2. In NYC’s affordable real estate market, a prescribed number of units are typically set- aside for neighborhood residents to mitigate displacement and gentrification. Would you support a similar set-aside for Black businesses and workforce that includes prime, sub-contractor and supply chain contracts whenever public money is used to develop or enhance real estate or to incentivize business development?

  3. The Black community has been harmed since it arrived on the shores of America. The prison industrial complex along with the improper and some might say; illegal surveillance of Black people has had a devastating effect on the Black community. Would you support remedy in the form of, but not limited to:

  4. Non-competitive Cybersecurity workforce development grants designated for locally based entities that have historically served the Black community’s need for workforce development?

  5. Cannabis licenses for dispensary operation in Black communities being issued solely to those most harmed and the outright barring of large corporations from operating dispensaries in Black communities?

  6. The MART 125 on NYC’s historic 125th Street was envisioned in 1979 as an incubator for Black owned businesses. It opened in keeping with its vision in 1986, was shuttered in 2001 and has been vacant since. Several plans, none of which came from the community, have been announced in the past few years. Would you support and promote a community vision for a Black business incubator with an African Trade Center as its anchor on the MART 125 site?

  7. NYC’s Comptroller Scott Stringer’s 2018 and 2019 Making the Grade Report details NYC’s contracting with the Black diaspora. Will you use your position as an elected official to call for the tracking of dollars spent specifically with NYC’s Black non-immigrant population in all future Comptroller reports?

  8. December 2018 NYS instituted a Rapid Response Program to build a statewide network of attorneys to quickly provide emergency legal services to immigrants targeted by ICE raids and arrests. Given it is well documented that Black people are disproportionately unfairly targeted by police and other enforcement agencies as most recently documented by the spate of brutal social distancing enforcement videos captured and uploaded to YouTube; would you support a similar policy or legislation to assist unfairly targeted Black New Yorkers?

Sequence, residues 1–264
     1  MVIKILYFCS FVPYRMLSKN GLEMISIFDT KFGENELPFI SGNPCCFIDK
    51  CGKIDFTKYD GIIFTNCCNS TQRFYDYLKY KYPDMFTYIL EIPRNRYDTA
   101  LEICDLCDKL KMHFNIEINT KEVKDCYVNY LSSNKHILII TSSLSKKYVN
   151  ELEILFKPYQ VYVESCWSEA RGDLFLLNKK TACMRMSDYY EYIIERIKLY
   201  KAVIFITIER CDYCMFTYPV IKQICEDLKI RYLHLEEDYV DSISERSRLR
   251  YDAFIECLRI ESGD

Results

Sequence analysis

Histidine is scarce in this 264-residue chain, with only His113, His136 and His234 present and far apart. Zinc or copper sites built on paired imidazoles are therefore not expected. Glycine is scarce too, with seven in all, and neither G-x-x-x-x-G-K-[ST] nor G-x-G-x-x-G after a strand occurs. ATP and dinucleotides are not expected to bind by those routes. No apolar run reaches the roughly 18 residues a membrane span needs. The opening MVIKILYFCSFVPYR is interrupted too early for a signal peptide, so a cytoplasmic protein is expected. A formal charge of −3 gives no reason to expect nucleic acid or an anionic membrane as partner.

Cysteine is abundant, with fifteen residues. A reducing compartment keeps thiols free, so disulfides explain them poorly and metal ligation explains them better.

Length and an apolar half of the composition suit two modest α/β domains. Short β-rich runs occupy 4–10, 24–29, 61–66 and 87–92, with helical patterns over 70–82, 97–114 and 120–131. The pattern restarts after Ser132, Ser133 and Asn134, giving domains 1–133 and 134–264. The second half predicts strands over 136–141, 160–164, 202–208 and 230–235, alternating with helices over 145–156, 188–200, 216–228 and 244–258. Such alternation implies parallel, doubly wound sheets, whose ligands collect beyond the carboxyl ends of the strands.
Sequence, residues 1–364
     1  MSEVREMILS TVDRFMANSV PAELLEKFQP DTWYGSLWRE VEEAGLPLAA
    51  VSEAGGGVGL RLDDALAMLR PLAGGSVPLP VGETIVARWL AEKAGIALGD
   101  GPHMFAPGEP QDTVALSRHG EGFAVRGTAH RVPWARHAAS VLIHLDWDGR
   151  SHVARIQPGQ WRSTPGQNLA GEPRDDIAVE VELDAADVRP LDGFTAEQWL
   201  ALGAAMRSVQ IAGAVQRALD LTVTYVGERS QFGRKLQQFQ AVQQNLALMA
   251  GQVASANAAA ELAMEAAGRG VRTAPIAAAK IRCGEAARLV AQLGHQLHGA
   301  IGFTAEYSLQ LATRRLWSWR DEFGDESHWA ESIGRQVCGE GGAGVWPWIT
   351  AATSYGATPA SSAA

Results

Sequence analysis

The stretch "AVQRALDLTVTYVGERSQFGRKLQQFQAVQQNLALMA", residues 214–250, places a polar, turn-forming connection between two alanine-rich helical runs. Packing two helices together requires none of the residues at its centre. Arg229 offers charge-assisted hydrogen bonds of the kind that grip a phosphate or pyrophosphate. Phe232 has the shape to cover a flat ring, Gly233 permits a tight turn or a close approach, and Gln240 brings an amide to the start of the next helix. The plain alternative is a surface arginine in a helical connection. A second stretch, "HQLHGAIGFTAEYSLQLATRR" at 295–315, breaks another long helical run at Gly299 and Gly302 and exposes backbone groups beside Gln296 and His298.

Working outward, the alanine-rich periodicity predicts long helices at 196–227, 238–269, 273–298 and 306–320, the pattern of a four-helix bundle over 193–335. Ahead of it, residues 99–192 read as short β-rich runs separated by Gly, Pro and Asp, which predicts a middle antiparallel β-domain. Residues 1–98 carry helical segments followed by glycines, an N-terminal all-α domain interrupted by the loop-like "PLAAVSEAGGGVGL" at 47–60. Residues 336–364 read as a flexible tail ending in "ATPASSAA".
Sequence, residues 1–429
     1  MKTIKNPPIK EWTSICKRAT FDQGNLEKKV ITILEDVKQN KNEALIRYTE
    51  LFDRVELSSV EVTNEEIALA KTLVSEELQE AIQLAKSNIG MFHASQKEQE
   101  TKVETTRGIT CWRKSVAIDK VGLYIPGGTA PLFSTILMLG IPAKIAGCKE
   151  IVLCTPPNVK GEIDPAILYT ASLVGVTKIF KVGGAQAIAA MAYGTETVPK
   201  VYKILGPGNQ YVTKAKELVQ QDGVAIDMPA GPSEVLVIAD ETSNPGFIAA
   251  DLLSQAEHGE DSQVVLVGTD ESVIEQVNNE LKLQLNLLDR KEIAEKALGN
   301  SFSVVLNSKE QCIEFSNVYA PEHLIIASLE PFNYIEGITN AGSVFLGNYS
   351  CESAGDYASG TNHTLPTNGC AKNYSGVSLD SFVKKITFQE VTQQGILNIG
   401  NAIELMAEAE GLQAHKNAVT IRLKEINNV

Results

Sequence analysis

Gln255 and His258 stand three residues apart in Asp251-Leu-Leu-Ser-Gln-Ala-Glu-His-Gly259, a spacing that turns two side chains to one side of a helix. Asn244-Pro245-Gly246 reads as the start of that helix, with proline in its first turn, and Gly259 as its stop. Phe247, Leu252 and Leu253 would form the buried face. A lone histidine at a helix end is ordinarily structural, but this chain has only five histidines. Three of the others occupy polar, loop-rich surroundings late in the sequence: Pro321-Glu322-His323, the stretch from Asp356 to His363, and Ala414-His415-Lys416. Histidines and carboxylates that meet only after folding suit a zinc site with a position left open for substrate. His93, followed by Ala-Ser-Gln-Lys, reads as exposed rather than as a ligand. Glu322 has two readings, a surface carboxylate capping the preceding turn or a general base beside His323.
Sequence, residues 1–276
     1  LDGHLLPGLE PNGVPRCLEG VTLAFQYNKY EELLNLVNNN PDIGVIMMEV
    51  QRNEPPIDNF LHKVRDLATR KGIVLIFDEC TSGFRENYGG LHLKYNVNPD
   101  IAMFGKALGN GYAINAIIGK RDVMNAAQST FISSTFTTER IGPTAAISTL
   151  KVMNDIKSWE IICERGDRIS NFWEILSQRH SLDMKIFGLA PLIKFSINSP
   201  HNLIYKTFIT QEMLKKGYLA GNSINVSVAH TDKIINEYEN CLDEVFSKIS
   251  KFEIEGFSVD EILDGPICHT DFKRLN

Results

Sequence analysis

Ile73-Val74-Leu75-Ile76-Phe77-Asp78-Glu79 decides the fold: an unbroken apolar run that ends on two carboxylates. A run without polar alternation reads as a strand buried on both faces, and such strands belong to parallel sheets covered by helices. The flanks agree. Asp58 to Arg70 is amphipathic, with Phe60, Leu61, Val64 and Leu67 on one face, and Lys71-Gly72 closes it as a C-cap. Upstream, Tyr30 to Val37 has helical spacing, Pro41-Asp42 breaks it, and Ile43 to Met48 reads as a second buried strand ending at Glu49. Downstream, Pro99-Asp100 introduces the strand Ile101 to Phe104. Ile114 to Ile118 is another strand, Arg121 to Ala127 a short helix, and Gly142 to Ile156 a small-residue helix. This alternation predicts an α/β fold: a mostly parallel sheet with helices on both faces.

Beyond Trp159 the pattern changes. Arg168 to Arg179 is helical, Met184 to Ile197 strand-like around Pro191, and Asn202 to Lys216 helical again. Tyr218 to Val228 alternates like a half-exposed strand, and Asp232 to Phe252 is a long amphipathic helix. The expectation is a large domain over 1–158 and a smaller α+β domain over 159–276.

9. NYC/NYS elected officials have put forth legislation and polices to provide comprehensive health care, social services, legal services and other needs for immigrant families and children in partnership at the City and State levels and CUNY has adopted the Golden Door Scholars Program implemented in 2013 to promote upward economic mobility for undocumented students. Did you vote for the Golden Door legislation and would you support similar legislation for NYC’s descendants of American chattel slavery as a path to upward economic mobility because Black families and children DREAM too?

 

Something to think about...

Black people must realize the potential of the Black voting Bloc. In 2012 there were 1,159,123 Black registered voters in NYC.

  • In 2013 Democrat Bill de Blasio received 795,679 total votes and won the Mayoralty.

  • In 2013 Republican Joe Lhota received 263,420 total votes for the Mayoralty.

  • In 2013 total votes cast across all candidates in NYC was 1,087,710. 

  • In 2020, all 63 seats in the New York State Senate are up for election.

  • In 2020, all 150 seats in the New York State Assembly are up for election.

  • In 2021, the Mayor, Comptroller, all five borough presidents, and 35 of 51 City Council seats
    are up for election.

#2020blackout

 does not care to be eloquent,

politically correct or soft spoken...

Black businesses are dying!

Contact WEG at:

info@wegnyc.org

© 2020 by WEG